I stand in line for the Hermitage. It is frigid. My feet feel like pancakes, oppressed by the cold.

A girl hops out of line. She dashes to a pile of snow, mounded beside a tree. She climbs it and jumps up and down, laughing.

That’s the most fun she’ll have all day, I think.

A woman, I hope is her mother, storms up, snatches her by the arm, hobbles her with a few words, and brings her back into formation, limping.

I turn to L, “that was the most fun she’ll have all day,” I say, confidently.

L nods, less confidently, and laughs, politely. We’d met a few weeks prior and started seeing each other. She agreed to come to The Hermitage with me on the condition that she doesn’t judge my utter lack of artistic spirit.

The line moves slower than I’d like but faster than I expected. Tickets are bought, jackets are stowed; steps, softened.

As we reach the top of the staircase toward the yawn of a door into the main exhibits, I stop.

“What are they doing here?”

“Who?” L asks.

I lean closer to her, averting my eyes.

“The Babushkas,” I whisper.

L looks to the doors. On either side there sits a babushka. Their faces passive, their stone frames braced for conflict. I shudder.

“They are security. There is one in every room.”

My eyes go wide. “Every room?” I gasp.

L nods, frowning at me, “they are fine. They won’t hurt you as long as you don’t try to touch the art or make too much noise,” L pauses, thinking. “Or, run, yeah, don’t run, they don’t like that. And they will catch you.”

I nod. “I know,” I mutter.

“Will you be okay?” L asks. I straighten myself up and deepen my voice, the way you do whenever a pretty girl challenges your manhood.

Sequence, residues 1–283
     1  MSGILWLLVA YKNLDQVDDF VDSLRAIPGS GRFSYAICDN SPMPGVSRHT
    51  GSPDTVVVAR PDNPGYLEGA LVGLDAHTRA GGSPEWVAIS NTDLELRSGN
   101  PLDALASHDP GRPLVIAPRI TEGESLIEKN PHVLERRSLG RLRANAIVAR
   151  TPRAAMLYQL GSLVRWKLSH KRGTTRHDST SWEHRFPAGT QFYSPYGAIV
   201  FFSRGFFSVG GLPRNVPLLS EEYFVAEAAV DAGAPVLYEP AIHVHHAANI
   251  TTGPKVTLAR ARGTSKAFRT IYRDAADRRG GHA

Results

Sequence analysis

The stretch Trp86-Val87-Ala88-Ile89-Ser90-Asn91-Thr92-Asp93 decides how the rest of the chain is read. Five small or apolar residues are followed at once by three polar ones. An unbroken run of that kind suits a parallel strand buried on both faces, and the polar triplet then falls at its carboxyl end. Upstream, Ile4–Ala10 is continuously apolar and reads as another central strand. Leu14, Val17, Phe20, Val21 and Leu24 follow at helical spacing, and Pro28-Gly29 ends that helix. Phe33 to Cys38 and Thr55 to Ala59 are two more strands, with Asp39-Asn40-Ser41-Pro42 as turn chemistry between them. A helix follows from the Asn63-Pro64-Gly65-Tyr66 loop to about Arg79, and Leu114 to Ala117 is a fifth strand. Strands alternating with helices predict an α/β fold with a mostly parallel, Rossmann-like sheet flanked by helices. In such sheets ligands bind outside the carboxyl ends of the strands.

“Yes,” I say, “of course,” I add. Then, internally, shit myself.

L smiles, “let’s go then.”

She walks ahead through the Babushka guards, fearless. I follow, demanding my legs to stop shaking. The babushkas remain as solid as the statues they guard. I pass them, I take a deep breathe. I choke on it.

In each corner of a vast hall of gold, is another babushka. I swallow hard. I cough. One of the Babushkas gives me a warning look. I cover my mouth. L turns back to me.

“You alright?”

“Yeah, yeah.”

I trot up beside her. “Where first?” I ask, looking at her and only her.

She shrugs. She motions to one exit, “through there are the emperors,” she waves to the next, “the main exhibits,” she turns around to face the smallest of the exits. “Through there are temporary exhibits.”

I shrug, “let’s do that one.”


L leads the way, I follow.

In through the door I stop. I can feel the blood draining from my face. It fills my stomach making me feel as though a need a bathroom. In the center of the room is a hut. It is battered and stuck together from a thousand pieces.

I look along the walls. A hand with a hole through it hangs to the left. A great hen leg is pinned to the wall above and beyond the hut. The hut itself is encased in glass, one hen leg splayed out to the right.

L turns, her face grows concerned. She touches my arm.

“What’s wrong?”

“Wha—what is this? Some sort of joke?” I manage.

L frowns, “No, it’s the Baba Yaga exhibit.”


If you liked this and want to read the prequel, the links can be found here

Author Benjamin Davis and artist Nikita Klimov created one story and one picture each day for one year. In May 2018 they published their first book, The King of FU

8 Comment on “The Return of the Fool

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